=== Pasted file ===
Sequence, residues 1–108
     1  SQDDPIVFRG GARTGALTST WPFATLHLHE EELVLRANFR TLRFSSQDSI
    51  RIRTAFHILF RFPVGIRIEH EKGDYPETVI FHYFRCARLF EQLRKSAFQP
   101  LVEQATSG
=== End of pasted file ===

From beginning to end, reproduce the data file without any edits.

Sequence, residues 1–108
     1  SQDDPIVFRG GARTGALTST WPFATLHLHE EELVLRANFR TLRFSSQDSI
    51  RIRTAFHILF RFPVGIRIEH EKGDYPETVI FHYFRCARLF EQLRKSAFQP
   101  LVEQATSG